Is India Going The Way Of 1930's Germany


| April 15, 2002

Is India Going The Way Of 1930's Germany? From Foreign Policy In Focus and MotherJones
Is the India's government accountable to its people? Not according to Arundhati Roy in an interview with MotherJones.com. After leaving India's prison, Roy's decision to pay the fine for contempt of court has drawn criticism from many, but given Roy the power speak for the rights of her countrymen. 'Today the court is in retreat from democracy,' says Roy, whose charge of contempt is not uncommon. Roy questions the Sardar Srovar dam project and other impositions on political freedoms, asserting that a series of judicial decisions lays the framework for emerging political and social ideologies. Roy is not alone in these sentiments. Rising violence against India's Muslim population has largely been ignored and is perhaps even supported by Indian politicians, reports Arun R. Swamy, of Foreign Policy In Focus. Targeted attacks on Islamic mosques by Hindu fundamentalists may be edging toward fascism, as religion is being used to justify destruction and violence. Swamy charges that recent riots in Gujarat were not only disturbing because of the calculated efficiency of the attacks which 'identi[fied] Muslim homes and businesses through the use of public records,' but also because of the complicity of the Indian government, whose lack of response has held little accountability to the perpetrators. Civil liberties have the potential to be further trod upon with the passage of the Prevention of Terrorism Bill in which the 'government will have most of the tools it requires to gradually reduce the space for dissent.'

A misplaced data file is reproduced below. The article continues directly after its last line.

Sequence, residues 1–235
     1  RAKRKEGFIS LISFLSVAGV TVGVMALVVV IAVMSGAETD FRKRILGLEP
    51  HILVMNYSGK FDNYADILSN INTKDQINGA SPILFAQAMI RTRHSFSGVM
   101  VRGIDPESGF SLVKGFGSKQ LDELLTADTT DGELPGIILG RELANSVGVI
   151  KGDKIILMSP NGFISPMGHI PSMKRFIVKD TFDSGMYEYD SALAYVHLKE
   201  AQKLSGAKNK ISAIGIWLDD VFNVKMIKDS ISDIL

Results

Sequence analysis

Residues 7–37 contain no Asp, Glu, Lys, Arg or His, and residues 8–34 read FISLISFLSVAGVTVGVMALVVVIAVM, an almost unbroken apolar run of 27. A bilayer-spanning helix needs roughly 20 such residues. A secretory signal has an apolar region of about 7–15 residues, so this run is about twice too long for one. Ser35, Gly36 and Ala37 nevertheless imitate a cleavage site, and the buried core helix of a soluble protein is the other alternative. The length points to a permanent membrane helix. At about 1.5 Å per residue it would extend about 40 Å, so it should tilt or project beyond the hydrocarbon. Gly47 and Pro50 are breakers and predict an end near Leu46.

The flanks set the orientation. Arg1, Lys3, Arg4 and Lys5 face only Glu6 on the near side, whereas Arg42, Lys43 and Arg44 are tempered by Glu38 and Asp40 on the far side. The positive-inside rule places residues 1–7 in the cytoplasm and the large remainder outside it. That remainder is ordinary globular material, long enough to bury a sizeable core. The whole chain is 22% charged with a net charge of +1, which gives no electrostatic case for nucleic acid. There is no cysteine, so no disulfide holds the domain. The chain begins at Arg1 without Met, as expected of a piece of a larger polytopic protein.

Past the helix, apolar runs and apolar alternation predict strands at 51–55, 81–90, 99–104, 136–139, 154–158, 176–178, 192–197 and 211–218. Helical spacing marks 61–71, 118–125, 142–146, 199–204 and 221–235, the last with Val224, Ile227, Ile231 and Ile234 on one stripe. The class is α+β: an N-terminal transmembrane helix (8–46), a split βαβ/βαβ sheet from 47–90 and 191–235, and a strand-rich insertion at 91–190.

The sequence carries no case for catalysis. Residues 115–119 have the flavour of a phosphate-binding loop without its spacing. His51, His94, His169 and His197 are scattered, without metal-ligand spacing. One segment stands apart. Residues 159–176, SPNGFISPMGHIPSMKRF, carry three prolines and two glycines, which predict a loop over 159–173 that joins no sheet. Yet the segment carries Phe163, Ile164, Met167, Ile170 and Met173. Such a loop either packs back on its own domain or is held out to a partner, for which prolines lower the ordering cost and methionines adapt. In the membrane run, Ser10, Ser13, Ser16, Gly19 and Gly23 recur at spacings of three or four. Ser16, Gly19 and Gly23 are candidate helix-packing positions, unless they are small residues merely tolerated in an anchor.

--Mary Matze